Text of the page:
Embryo donation for family building is recognized and regulated by government agencies in the United States and other countries (7, 8). In the United Kingdom, the process falls under the comprehensive system of regulation of all aspects of assisted reproductive procedures. In the United States, the Food and Drug Administration oversees the process through comprehensive regulations that apply to all donated human tissues, reproductive and nonreproductive alike.

Adoption of existing children is another important option available to help infertile men and women build their families, also providing loving homes to children who need them.

Government plays a considerably more extensive role in the adoption of existing children than in embryo donation for family building. In 21st-century America, adoption is a specific legal procedure, and the term has a very specific legal meaning: ‘‘adoption, n. 1. The creation of a parent-child relationship by judicial order between two parties who usually are unrelated; the relation of parent and child created by law between persons who are not in fact parent and child. This relationship is brought about only after a determination that the child is an orphan or has been abandoned, or that the parents’ parental rights have been terminated
by court order’’ (9).

Every state in the United States has an adoption statute, and they all deal with changing or establishing parentage of an existing child. The legal term ‘‘adoption’’ can not and does not apply to embryos, which hold the potential for life but are not persons.

In fact, Black’s Law Dictionary explicitly defines ‘‘embryo adoption’’
as slang: ‘‘embryo adoption. Slang. The receipt of a frozen embryo that is implanted into a recipient’s womb. Donors must waive all parental rights before the recipients of the embryo assume legal ownership or custody. The process is not consideredto be a legal adoption, because American law does not treat embryos as children’’ (9).

The use of slang can sometimes be harmless; in this instance it is not. Equating an embryo with an existing child and applying the procedural requirements of adoption designed to protect existing children to embryos is not ethically justifiable and has the potential for harm. First, the ethical directive to protect an existing child is not applicable to human embryos, which are not persons. Second, the procedures would place unwarranted burdens on the recipient patient. Home visits, legal fees, and judicial review are all important
components of adoption. There is no justification for applying these components to infertility patients who already face burdensome medical procedures in the pursuit of their fertility goals.

‘‘Embryo adoption’’ agencies seek to recast the experience of embryo donation in terms of an ‘‘adoption’’ and impose requirements simulating those of legal adoption. In many cases, these requirements entail payment of substantial fees to the agencies by patients who need donated embryos to build their families.

Requiring infertile patients who need donor gametes or patients who need donor embryos to suffer the imposition of unnecessary administrative and legal trappings of adoption and the costs that accompany them is not ethically justifiable. Indeed, writing in 1994, this Committee argued that the experience of embryo donation ‘‘more closely approximates normal human reproduction than it does traditional legal adoption’’ (3). Fifteen years later, that statement remains correct. The donation of embryos for reproductive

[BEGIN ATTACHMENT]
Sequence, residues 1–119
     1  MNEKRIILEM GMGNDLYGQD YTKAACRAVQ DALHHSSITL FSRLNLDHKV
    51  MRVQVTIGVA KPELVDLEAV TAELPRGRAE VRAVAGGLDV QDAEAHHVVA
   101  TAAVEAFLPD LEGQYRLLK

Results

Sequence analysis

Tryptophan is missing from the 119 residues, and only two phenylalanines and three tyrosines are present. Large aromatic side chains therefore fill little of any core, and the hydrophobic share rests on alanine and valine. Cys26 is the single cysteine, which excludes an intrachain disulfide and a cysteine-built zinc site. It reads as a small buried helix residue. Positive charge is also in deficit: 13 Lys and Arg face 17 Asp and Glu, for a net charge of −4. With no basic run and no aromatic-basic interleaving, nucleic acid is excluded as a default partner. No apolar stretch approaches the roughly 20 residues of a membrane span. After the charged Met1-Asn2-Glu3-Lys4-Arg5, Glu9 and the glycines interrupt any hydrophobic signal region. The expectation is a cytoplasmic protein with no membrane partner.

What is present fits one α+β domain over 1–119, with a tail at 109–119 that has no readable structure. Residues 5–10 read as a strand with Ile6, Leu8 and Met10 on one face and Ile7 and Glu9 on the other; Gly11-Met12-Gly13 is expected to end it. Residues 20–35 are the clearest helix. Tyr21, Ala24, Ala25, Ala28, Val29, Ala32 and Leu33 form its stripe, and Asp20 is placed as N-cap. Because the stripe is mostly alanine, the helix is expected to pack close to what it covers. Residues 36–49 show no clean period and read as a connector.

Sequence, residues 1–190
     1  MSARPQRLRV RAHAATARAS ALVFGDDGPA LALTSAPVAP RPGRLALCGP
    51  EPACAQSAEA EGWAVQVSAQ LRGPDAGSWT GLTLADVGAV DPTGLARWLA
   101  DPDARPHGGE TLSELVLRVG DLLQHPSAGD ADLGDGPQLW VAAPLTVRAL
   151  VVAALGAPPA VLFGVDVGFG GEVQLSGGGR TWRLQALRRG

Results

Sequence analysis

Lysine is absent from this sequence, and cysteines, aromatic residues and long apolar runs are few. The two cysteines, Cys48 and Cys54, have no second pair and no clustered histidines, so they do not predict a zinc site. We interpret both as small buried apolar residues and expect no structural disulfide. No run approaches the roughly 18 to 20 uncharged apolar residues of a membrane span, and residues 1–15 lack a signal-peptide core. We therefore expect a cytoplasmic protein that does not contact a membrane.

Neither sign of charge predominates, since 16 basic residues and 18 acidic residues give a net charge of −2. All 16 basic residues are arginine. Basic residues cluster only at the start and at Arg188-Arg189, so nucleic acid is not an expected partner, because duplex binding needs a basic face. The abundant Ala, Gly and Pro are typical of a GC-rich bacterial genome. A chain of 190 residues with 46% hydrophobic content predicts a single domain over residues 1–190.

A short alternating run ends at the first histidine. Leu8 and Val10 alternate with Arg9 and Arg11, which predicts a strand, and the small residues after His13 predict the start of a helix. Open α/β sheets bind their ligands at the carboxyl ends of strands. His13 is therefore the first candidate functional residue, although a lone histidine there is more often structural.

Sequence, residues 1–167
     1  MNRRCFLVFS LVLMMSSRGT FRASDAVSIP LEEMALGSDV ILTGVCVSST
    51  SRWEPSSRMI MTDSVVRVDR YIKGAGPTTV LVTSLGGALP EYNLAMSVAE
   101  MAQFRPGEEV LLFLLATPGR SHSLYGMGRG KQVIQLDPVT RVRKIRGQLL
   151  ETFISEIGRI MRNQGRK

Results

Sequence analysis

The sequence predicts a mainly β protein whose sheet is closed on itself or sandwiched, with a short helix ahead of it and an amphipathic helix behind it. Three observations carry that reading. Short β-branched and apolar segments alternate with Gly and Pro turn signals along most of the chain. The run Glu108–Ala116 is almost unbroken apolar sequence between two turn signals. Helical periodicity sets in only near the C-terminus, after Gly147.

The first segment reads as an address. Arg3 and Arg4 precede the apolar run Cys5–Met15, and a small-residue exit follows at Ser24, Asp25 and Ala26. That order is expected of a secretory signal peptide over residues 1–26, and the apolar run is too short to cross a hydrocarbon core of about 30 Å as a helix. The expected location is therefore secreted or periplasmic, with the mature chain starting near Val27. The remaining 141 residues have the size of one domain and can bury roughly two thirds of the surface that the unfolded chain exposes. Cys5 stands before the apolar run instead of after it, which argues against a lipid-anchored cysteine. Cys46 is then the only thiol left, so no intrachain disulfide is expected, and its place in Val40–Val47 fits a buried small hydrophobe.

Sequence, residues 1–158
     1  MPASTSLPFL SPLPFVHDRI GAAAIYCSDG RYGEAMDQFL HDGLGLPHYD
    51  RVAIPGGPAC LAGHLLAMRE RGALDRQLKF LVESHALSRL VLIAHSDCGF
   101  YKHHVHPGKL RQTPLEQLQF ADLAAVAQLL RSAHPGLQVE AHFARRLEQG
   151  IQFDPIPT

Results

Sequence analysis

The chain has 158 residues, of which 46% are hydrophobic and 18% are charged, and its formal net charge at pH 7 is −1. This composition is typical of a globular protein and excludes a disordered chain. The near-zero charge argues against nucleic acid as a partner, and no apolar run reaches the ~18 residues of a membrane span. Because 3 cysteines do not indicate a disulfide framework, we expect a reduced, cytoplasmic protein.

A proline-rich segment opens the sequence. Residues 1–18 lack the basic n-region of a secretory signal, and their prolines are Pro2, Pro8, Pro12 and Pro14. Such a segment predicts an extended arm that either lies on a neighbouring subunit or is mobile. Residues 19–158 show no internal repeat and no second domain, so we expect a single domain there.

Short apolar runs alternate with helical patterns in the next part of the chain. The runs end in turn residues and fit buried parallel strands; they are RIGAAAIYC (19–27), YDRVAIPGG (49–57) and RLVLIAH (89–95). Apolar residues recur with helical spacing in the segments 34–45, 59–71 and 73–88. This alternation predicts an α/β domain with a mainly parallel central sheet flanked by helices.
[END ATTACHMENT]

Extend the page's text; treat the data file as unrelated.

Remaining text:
purposes is fundamentally a medical procedure intended to result in pregnancy and should be treated as such.

The Practice Committee of the ASRM has developed guidelines for embryo donation that address medical screening, psychological counseling, informed consent, and the transfer of rights over the embryos
from donor to recipient. These guidelines, like corresponding guidelines for the donation of eggs and sperm, provide a framework for safe and ethical treatment of donors and patients requiring
donated embryos for their treatment.

1. National Institutes of Health. Report of the Human
Embryo Research Panel. Bethesda, MD: National
Institutes of Health, 1994.
2. New York State Task Force on Life and the Law. Assisted
reproductive technologies, analysis and recommendations
for public policy. New York: New York State,
3. Ethics Committee of theAmerican Fertility Society. The
donation of preembryos. Fertil Steril 1986;46:29S–31S.
4. Practice Committee of the American Society for
Reproductive Medicine. 2006 Guidelines for
gamete and embryo donation. Fertil Steril
5. Ethics Committee of the American Society for Reproductive
Medicine. Disposition of abandoned embryos.
Fertil Steril 2004;81:S253.
6. Ethics Committee of the American Society for Reproductive
Medicine. The moral and legal status of the
preembryo. Fertil Steril 1994;62:32S–4S.
7. Human Fertilisation and Embryology Authority. Code
of practice. London: Human Fertilisation and Embryology
Authority. Available at, http://cop.hfea.gov.uk/
cop/pdf/CodeOfPracticeVR_4.pdf; 2007. Accessed
September 8, 2009.
8. United States Food and Drug Administration. 21 CFR
parts 210, 211, 820, 1271. Eligibility determination
for donors of human cells, tissues, and cellular and
tissue-based products; final rule and notice. Available
at: http://frwebgate.access.gpo.gov/cgi-bin/getdoc.cgi?
Last accessed September 8, 2009.
9. Black’s Law Dictionary. 9th ed. Westlaw, Eagen, MN,

Acknowledgments: This report was developed by the Ethics Committee of the
American Society for Reproductive Medicine as a service to its members and
other practicing clinicians. Although this document reflects the views of
members of that Committee, it is not intended to be the only approved standard
of practice or to dictate an exclusive course of treatment in all cases.
This report was approved by the Ethics Committee of the American Society
for Reproductive Medicine and the Board of Directors of the AmericanSociety for Reproductive Medicine